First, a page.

Alienware’s latest offering is the smallest powerhouse laptop produced by the company. The 13 R3 is extremely compact for a VR-compatible system, but portability comes at a premium. Even so, the laptop has a lot to offer gamers and everyday users outside of virtual reality. Especially since its performance is akin to a small gaming desktop rather than a gaming laptop.
The 13.3 inch, 400-nit OLED touchscreen offers richer colors and smoother, faster cursor interactions on-screen. This can give players a small but potentially vital advantage of added milliseconds. The screen clocks in at a decent Quad HD (2560 x 1440) resolution, though the finish emits a distracting glare, even when viewed indoors.
Processor-wise, you get the latest Intel offers: the seventh-generation Core i7-7700HQ, a quad-core chip with 3.8GHz Turbo Boost and 6MB of cache, 16GB of 2667MHz DDR4 RAM, a 512GB PCie SSD for storage and the punchy Nvidia GeForce GTX 1060 graphics card, with 6GB of GDDR5 memory. Wireless connectivity is handled by an 802.11ac Wi-Fi and Bluetooth 4.1 card, which cut out on me a few times on stable wireless connections.
The laptop has ports galore: LAN, external GPU, HDMI, Display, two for USB-C, two for USB 3.0, a power jack and dedicated microphone and audio jacks. Notably absent is an SD card slot, but it’s easy to overlook the omission given the breadth of available ports.
Thanks to the Pascal architecture of the newest Nvidia GeForce graphics cards, a GTX 1060 is enough to play most current-gen games at their highest settings and native resolution, averaging 50-80fps.
Notably absent is an SD card slot, but it’s easy to overlook the omission given the breadth of available ports.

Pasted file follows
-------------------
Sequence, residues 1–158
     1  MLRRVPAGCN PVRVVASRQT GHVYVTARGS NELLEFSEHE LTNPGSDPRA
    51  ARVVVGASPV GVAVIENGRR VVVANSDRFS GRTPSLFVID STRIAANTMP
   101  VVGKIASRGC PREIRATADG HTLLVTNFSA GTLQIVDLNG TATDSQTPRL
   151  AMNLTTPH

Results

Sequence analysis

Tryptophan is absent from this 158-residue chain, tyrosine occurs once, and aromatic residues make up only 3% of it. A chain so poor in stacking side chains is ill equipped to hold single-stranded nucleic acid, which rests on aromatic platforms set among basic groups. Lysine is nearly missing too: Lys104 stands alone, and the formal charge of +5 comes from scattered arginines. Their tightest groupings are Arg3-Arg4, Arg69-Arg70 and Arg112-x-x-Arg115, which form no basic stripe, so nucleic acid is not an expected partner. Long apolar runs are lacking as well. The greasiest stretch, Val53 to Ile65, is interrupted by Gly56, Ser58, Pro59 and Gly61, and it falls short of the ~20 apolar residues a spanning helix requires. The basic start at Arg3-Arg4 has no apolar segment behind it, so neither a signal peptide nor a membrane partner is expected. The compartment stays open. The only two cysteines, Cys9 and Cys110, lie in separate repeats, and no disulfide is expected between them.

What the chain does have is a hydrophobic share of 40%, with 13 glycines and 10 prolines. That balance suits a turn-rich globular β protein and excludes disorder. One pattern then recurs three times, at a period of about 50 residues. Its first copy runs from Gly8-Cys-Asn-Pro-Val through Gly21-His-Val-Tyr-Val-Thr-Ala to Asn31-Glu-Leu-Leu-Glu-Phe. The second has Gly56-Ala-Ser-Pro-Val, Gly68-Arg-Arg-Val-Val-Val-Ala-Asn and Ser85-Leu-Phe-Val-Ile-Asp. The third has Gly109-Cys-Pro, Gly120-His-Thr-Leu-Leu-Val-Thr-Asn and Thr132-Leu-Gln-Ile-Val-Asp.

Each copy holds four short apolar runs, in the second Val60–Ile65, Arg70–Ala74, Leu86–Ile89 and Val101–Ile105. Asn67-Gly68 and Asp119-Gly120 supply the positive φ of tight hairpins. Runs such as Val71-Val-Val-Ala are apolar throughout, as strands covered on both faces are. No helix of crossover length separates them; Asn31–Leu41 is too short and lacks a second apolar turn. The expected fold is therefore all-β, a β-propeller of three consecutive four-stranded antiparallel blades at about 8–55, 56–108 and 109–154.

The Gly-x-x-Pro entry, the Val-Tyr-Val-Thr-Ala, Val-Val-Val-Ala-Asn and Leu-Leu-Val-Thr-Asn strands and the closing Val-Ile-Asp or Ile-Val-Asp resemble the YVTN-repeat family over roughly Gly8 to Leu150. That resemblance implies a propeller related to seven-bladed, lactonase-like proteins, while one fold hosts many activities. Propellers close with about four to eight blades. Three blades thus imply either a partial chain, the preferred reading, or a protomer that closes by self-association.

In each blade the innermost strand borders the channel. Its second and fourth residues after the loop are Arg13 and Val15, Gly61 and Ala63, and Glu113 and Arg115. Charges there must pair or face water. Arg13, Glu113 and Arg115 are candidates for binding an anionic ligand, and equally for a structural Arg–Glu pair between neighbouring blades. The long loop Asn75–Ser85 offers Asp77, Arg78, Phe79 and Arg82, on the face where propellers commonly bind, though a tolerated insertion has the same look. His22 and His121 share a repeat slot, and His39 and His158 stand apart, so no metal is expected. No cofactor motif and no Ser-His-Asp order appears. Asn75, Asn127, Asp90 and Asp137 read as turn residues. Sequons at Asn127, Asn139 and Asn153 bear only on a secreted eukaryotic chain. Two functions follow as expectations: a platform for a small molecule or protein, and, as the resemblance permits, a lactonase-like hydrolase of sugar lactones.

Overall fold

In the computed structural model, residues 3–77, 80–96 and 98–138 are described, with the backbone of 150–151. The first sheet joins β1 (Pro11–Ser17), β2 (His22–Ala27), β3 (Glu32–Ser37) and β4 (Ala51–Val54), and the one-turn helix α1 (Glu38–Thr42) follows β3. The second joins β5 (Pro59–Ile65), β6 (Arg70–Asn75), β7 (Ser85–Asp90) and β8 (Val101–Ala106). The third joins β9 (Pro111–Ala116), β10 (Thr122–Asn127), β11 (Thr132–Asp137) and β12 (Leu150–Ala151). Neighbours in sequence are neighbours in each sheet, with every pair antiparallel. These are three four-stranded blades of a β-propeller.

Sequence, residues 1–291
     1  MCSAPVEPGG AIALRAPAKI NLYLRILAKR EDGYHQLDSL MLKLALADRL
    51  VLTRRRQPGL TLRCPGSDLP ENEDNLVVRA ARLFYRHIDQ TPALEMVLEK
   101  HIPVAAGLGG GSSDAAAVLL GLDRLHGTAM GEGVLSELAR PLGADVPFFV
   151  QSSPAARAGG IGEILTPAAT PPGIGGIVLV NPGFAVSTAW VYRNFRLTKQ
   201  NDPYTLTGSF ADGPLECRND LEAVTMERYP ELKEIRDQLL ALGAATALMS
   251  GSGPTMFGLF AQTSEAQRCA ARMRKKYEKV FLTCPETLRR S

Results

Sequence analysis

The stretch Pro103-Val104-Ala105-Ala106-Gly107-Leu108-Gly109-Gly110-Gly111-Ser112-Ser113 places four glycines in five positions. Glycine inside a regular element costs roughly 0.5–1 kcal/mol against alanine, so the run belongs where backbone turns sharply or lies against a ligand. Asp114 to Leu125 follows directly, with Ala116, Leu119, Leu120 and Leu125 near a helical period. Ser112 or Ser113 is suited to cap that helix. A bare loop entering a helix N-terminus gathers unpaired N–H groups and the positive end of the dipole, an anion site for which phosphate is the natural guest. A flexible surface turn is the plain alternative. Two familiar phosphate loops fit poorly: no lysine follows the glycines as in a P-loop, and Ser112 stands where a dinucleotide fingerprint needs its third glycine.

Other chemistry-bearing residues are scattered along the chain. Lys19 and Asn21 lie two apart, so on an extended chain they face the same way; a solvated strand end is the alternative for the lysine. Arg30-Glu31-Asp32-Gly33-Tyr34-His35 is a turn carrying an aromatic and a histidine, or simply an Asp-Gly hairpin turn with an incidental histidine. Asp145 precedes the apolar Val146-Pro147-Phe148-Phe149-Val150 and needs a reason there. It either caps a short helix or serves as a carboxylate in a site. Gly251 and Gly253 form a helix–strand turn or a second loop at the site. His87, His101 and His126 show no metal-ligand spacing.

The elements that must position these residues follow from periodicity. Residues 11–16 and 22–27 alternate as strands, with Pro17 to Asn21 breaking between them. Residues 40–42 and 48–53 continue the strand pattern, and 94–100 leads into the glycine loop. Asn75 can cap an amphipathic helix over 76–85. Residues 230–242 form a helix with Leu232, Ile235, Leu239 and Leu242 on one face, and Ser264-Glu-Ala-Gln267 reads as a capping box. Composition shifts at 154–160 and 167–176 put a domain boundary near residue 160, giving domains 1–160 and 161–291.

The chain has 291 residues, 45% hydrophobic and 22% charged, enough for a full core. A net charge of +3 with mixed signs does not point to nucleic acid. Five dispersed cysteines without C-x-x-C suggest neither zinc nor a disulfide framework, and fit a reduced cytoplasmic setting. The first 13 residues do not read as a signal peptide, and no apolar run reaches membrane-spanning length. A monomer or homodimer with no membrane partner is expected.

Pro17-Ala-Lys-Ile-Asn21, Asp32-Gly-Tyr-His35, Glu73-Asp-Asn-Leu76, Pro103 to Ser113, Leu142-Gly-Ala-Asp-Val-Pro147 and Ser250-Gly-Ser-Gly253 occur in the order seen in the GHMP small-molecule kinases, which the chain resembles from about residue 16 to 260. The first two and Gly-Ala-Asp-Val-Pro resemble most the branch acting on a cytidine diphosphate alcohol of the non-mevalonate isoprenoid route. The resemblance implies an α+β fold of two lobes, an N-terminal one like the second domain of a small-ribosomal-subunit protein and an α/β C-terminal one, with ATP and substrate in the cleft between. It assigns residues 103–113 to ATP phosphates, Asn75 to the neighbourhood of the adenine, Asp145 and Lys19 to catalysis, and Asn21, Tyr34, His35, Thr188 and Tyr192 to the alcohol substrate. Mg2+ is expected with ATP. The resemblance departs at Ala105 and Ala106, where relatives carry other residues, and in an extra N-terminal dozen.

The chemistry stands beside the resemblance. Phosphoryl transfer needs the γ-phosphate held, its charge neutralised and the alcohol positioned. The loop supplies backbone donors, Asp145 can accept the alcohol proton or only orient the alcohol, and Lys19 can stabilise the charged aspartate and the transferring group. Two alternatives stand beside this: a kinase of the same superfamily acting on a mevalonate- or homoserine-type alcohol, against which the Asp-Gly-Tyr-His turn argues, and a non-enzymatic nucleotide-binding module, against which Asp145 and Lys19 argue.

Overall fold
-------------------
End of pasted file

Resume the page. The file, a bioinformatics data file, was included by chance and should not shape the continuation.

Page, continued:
Some of the PC titles I tested included Arma III: Apex, Rainbow Six: Siege and Crysis 3. A graphics/processor-intensive title like Battlefield 1 in DirectX 12 mode slows thing down by about 10-20fps when played online, so I had to move graphics settings down to the medium-high range. The results are still high quality, smooth and look great on screen, but the lack of eye candy will be noticeable for those of you vying for it.
I was also able to get through some VR demos on an HTC Vive without any major hiccups or stalls, by settling for high settings instead of aiming for ultra. It lacks some of the processing oomph of its desktop counterparts, but it’s still impressive output for a 13-inch laptop.
Battery life is another story, thanks in no small part to the high-powered display and processor. I was only able to squeeze out around two and a half hours of a mobile gaming session (which runs at under-clocked speed when not plugged in). Here it falls short to Razer’s Blade 14, on which I was able to get around five to seven hours.
They serve no functional purpose other than to look good and provide illumination during night sessions — but they’re good at what they do.
Alienware’s familiar AlienFX lighting zones are present, letting you partition the keyboard to have four distinct light patterns in addition to the touchpad, logo and power button. They serve no functional purpose other than to look good and provide illumination during night sessions — but they’re good at what they do.
The keyboard and touchpad are the laptop’s weakest links. The keys offer tangible mechanical feedback, but the space feels cramped. The touchpad, too, feels small and has two very soft keys. It’s not really ideal for gaming.
Sure, it’s compact for a VR system, but the 13 R3 isn’t exactly lightweight or thin at 5.8 pounds and 0.87 inches thick in this configuration. If having a more traditional laptop capable of gaming is a priority, the Blade 14 may be the better bet. But if you want a VR-compatible laptop and have more than $2,000 to spend, this certainly fits the bill.
Price as reviewed: $2,099 at Dell.com